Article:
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Steep rise in power generation

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In full swing: Farmers busy in the fields after heavy rain lashed Krishna district.
In full swing: Farmers busy in the fields after heavy rain lashed Krishna district.

M. Malleswara Rao

It’s holiday of sorts for thermal stations in State

Copious rain ensures several benefits for State

Demand for power registers drastic fall

HYDERABAD: Heavy rain lashing the State has ensured several benefits, apart from filling the reservoirs for the fourth consecutive year.

Water availability has advanced the kharif in the rice granaries like the Krishna delta by a month. With paddy plantation in full swing all over the State on time, the Government has set an ambitious foodgrains target for the year of 179 lakh tonnes.

Great relief

A steep rise in power generation at hydro-electric stations, such as Srisailam, has come as a great relief to the thermal stations that were heavily strained due to non-stop operation for more than a year. A number of thermal stations have been backed down — a sort of holiday for them for overhauling.

The plants kept on outage included the I, II and VII units of thermal complexes at Muddanur, Kothagudam and Vijayawada. At AP Transco’s request, the NTPC’s Simhadri Project II at Visakhapatnam is being shut from Sunday.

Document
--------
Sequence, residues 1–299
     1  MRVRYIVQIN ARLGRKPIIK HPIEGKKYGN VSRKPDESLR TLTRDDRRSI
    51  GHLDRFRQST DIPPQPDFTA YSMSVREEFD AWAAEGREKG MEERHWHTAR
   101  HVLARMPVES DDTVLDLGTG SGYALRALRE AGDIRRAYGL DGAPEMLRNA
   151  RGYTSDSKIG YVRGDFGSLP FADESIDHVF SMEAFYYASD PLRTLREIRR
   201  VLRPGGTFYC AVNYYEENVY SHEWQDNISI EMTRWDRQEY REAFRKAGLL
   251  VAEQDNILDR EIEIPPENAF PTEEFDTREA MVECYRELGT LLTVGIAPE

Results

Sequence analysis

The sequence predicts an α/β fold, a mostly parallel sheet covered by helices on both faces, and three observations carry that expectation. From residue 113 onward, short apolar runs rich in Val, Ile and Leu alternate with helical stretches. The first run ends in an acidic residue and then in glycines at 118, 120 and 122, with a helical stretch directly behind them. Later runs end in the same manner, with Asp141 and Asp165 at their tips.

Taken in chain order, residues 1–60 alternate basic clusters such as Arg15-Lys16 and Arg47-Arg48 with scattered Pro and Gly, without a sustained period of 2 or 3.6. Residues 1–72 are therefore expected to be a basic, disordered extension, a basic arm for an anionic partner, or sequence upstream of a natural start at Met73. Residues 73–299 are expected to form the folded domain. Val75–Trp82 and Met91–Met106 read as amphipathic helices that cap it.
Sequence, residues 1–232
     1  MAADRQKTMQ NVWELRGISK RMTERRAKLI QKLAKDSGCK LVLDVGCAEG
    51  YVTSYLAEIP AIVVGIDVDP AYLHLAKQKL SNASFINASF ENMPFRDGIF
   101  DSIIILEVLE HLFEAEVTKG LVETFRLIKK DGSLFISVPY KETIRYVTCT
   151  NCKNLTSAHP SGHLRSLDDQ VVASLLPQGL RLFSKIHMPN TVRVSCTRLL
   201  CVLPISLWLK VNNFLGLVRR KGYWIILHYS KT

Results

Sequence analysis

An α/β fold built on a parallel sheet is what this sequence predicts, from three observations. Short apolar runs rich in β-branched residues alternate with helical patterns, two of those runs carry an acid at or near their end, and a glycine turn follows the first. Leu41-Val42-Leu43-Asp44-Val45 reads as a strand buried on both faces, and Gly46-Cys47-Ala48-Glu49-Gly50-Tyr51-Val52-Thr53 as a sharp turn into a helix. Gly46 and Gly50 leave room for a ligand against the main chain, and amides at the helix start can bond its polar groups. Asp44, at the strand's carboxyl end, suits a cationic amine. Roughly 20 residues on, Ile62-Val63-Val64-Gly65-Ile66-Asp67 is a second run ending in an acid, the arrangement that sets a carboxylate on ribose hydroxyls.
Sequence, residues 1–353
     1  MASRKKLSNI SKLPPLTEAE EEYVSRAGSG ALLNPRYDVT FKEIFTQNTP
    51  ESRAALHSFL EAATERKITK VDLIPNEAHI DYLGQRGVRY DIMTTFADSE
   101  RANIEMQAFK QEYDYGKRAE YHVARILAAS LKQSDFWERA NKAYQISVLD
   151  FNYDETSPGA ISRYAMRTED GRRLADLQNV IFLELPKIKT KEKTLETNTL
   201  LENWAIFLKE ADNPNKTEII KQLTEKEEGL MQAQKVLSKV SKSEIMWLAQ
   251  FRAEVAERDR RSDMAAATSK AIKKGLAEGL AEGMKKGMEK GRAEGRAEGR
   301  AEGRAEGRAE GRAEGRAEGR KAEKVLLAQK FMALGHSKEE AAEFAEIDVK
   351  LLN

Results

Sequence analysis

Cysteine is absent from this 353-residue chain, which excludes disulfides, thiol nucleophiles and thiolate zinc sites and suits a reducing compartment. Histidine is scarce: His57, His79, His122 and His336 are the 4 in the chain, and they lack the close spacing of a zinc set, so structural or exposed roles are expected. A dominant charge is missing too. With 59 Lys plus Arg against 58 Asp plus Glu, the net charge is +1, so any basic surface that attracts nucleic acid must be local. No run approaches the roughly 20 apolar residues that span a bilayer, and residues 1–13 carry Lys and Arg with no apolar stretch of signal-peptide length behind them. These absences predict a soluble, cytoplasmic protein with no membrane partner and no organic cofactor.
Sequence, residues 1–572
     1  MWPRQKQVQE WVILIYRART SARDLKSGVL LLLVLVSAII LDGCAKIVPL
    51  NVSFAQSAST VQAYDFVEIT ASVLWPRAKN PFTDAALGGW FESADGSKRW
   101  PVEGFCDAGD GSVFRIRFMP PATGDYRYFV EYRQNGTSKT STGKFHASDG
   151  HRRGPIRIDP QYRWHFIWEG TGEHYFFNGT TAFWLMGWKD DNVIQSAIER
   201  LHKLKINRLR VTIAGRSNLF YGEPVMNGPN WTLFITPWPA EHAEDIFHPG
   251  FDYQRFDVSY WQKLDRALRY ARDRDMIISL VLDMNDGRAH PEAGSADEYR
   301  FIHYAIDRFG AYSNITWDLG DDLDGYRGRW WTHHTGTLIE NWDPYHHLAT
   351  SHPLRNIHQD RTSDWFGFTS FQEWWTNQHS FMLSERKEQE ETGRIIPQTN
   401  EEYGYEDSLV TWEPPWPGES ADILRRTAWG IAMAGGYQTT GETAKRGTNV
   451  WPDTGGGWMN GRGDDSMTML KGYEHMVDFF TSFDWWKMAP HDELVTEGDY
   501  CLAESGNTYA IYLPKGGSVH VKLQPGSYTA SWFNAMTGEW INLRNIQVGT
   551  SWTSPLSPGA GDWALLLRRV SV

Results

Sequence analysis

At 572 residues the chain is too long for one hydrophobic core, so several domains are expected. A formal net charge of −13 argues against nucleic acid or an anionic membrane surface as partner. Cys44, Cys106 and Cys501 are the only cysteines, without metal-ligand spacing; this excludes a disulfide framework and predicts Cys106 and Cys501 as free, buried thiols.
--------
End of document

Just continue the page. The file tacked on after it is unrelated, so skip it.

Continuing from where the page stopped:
The 1,000 mw loss following the closures is more than made up by the Srisailam dam -- where nearly 1,400 mw out of the available 1,670 mw of capacity -- is used continuously now. The inflows into the Krishna from local sources alone is such that the storage in Srisailam reached 867 ft (885 ft FRL).

The dam is expected to have two or three fillings this year, if heavy rain in the catchment area of Maharashtra and Karnataka are any indication.

Using the flood waters, the Srisailam hydel stations have generated nearly 400 million units additionally so far. As in the past three years, the hydel sources are likely to generate about 1,000-1,500 mu additionally this year too, offering a ‘windfall gain’ to AP Transco.

The demand for power plummeted to 130 mu, a fall of 55mu, from the summer’s peak of 185mu. Both agriculture and domestic loads registered a fall. For the first time in recent months, the line frequency has gone up to 49.7 cycles a second, pushing up the voltage level and ensuring safety of electrical appliances.

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